Aaron Lozano is very familiar with the challenges faced by students who are the first in their families to go to college—especially those from other cultures where college attendance is less of a fixture than it is in the United States. That familiarity with the issue is born from personal experience.
Today, Lozano is a journalism teacher and student council adviser at Pharr-San Juan-Alamo Memorial Early College High School in Alamo, TX—located on the Texas border with Mexico—where many students are the first in their families to graduate from high school. In fact, for many, high school is the first opportunity anyone has taken to talk to them seriously about college.
Lozano’s own family traveled around the country for years as migrant workers when he was young, then settled in Alamo where he attended high school just a few miles from where he now teaches. He went on to college and into the field of education like two of his four older siblings.
He says experiences as a “first-gen” student—and now working with them—have shown him there are several ways that schools and leadership groups can play a role in helping eligible students move on to college when it hasn’t been part of their family’s experience.
“I find that most first-generation college students, like myself, need a little more patience and exposure with the college application and exploration process,” Lozano says. “We were not raised within a college-going culture. Our parents or grandparents were never part of an alumni group or have deep-rooted ties to an alma mater. It’s unexplored territory.”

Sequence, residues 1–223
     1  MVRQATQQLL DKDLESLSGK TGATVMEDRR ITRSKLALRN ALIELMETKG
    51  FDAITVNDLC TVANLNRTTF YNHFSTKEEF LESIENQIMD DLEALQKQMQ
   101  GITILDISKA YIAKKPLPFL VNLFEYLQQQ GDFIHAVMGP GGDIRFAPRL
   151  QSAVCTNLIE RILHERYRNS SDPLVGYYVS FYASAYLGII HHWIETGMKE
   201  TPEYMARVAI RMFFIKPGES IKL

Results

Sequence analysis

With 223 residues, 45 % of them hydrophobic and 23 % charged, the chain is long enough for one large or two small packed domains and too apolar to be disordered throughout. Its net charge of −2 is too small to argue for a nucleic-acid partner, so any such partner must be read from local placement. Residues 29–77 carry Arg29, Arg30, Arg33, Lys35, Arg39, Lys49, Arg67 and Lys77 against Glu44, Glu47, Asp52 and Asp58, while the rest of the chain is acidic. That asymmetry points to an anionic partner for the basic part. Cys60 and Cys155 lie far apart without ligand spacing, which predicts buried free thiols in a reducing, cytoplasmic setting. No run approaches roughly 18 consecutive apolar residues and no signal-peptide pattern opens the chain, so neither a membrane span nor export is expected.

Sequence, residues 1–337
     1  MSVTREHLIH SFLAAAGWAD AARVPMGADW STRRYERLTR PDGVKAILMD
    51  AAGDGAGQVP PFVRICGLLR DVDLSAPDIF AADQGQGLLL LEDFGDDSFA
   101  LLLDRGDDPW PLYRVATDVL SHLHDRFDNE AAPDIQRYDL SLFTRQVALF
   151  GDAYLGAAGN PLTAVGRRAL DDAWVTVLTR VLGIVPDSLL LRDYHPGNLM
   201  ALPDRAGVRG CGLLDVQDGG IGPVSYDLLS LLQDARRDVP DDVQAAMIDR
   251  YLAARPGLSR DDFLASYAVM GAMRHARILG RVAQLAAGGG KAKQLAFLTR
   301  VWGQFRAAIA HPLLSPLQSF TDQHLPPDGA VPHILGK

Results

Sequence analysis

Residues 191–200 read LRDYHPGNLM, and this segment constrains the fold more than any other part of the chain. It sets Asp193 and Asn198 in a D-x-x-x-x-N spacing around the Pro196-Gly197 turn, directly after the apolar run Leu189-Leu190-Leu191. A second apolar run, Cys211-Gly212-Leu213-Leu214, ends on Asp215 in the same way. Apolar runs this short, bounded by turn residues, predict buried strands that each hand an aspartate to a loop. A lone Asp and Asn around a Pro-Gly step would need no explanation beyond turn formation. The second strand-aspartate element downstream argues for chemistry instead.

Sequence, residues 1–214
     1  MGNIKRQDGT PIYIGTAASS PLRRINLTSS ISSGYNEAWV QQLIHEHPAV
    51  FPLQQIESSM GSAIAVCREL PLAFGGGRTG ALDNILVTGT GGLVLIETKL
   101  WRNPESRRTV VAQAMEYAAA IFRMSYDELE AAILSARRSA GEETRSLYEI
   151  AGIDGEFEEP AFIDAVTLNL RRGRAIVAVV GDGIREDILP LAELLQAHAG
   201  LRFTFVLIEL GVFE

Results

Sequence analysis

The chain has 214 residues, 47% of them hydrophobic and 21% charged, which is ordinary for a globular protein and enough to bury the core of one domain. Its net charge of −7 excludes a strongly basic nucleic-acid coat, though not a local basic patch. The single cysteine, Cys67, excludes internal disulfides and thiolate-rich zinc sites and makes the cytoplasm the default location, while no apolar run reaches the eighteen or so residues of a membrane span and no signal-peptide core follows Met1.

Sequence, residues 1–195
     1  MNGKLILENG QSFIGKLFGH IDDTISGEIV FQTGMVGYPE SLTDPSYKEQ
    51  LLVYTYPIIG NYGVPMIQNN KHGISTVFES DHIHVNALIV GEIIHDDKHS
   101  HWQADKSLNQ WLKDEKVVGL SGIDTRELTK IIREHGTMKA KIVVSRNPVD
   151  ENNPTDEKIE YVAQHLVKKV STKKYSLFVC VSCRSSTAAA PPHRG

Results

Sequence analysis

That assistance can range from helping with nettlesome financial aid forms or understanding various college features to simply normalizing the college experience. But he and others who work with these students also note that often the students themselves are driven to get more advanced education, and they should not be underestimated.
“These students are raised with the understanding that a postsecondary high school degree will not only help them realize their individual American dream, but achieve advancement for their entire family’s American dream,” he says. “Their drive for college success is not just an aspirational educational goal; it’s a drive to solidify their family’s sacrifice.”
Lozano also says given that motivation—and the resourcefulness and grit that often grows out of the experience of being new to this country—these students succeed best when the assistance is well conceived and specific to the individual student’s needs.
Rachel Fishman, a senior policy analyst who has studied the issue for New America (formerly the New America Foundation) in Washington, D.C., says high school teachers and advisers should refrain from generalizing students.